And they have at least one notable edge: They take cash. Uber relies exclusively on credit cards — and customers with the means to have credit cards.
“We have a big cash market because Uber doesn’t use it,” said Junior de la Cruz, a manager at First Class Car and Limo Service in Manhattan, who started his company’s app in early 2014.
Credit Karsten Moran for The New York Times
Old habits die hard in University Heights, the Bronx neighborhood where about three-quarters of High Class’s rides from its Bronx and Manhattan bases are still requested by phone. But as Mr. Cabrera’s customer base ages, he sees the app as a way to cater to those who in the increasingly on-demand economy expect to summon a ride in seconds.
“They’re always in the area,” Levi Jimenez, 39, said in Spanish. A longtime customer of High Class, he now exclusively uses the app to book rides from his home in Upper Manhattan to work as an engineer in University Heights.
For a growing number of the city’s car service companies, an app was not only a way to hold onto customers but also to appeal to drivers, who, seeing the power of Uber, had been leaving neighborhood car services to experiment with the newcomer. High Class was hit hard, Mr. Cabrera said, losing about 50 drivers.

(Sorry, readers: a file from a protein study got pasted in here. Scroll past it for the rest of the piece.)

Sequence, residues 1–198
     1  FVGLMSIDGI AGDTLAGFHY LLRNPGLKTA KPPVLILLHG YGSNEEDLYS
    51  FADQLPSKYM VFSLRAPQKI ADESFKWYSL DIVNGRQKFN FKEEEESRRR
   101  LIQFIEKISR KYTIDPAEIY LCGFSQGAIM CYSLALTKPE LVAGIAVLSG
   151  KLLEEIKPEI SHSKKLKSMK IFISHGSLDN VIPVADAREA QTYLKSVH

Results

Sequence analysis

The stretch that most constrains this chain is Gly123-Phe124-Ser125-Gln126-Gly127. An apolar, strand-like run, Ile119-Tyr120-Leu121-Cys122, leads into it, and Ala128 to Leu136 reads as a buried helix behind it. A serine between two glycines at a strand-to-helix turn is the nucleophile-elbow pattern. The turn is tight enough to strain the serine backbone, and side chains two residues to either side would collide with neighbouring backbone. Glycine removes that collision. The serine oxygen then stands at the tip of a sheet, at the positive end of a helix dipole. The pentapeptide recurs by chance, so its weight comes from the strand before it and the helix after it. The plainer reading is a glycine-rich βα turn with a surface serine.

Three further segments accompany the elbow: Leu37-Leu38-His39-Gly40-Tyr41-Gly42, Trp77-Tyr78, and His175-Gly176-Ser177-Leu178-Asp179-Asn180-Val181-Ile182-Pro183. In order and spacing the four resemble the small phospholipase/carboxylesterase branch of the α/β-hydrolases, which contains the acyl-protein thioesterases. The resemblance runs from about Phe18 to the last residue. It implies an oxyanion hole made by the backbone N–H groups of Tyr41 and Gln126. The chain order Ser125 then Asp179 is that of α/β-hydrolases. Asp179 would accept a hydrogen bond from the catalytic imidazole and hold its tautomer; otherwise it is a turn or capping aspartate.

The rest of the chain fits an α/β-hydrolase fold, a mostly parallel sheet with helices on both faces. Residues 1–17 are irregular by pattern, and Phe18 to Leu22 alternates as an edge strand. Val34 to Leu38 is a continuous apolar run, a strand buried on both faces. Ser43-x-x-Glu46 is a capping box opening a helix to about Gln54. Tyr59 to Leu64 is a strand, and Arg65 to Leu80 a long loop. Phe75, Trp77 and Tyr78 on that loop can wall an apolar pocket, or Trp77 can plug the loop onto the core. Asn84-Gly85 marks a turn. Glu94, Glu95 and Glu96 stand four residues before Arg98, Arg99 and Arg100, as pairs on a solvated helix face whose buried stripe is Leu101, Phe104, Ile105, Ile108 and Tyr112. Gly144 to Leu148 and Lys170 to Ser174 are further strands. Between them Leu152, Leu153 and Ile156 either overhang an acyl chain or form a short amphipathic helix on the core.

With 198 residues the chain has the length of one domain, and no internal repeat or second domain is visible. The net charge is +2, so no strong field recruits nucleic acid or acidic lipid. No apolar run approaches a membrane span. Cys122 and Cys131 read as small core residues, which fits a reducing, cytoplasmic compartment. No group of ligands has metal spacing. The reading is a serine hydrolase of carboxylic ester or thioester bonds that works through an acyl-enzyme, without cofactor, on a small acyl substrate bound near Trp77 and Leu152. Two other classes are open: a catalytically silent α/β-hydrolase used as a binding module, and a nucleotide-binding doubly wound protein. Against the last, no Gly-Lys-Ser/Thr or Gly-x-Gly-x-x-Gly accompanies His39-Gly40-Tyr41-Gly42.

Mid Island Car Service on Staten Island saw its fleet dip to 16 drivers from 21 as Uber expanded, said Artie Grover, a co-owner of Mid Island and the president of the NYC Fleet Livery Owners Association.
“The driver has become the free agent,” Mr. Grover said.
In Bayside, Queens, Kelly’s Car Service, a fourth-generation family-owned company founded in 1914, has a prime location next to a Long Island Rail Road station. The dispatch center operates much as it did 50 years ago: green and orange cards for account and credit card charges, and white cards for walk-ins and call-ins, all posted along the wall. The dispatch microphone is always hot, and the corresponding car’s two-way radio works without a smartphone in sight.
Soon, bits of electronic data will supplant slips of paper. Eileen Kelly, an owner, is finally giving in to the app craze. It is expected to go live within a year, though Ms. Kelly and her family are hardly heralding the change.
“It’s only because everyone has them and that’s the way to go,” she said.
As drivers are witnesses to the wildly unpredictable nature of cab culture, the shift from paper to pixel is viewed as just one more change. John Donahue, a driver for Kelly’s who has 40 years of driving experience, shrugged at the idea of tossing his flip phone for a smartphone.
“You try to stay flexible,” Mr. Donahue, 74, said.
On a recent Monday, Mr. Donahue chauffeured Bridie Gauthier, a principal at a Manhattan preschool, and her 3-year-old foster son, Kai Saucedo, from Queens to summer camp at Ms. Gauthier’s school in the financial district. Ms. Gauthier strapped her son into his car seat, which is provided at no additional cost by Kelly’s, and fed him edamame during the commute. The railroad, she said, was not ideal for toting a toddler into Manhattan every day.
“Every dispatcher knows my name and every dispatcher knows my credit card,” Ms. Gauthier, 43, said. “Now I’m extremely spoiled.”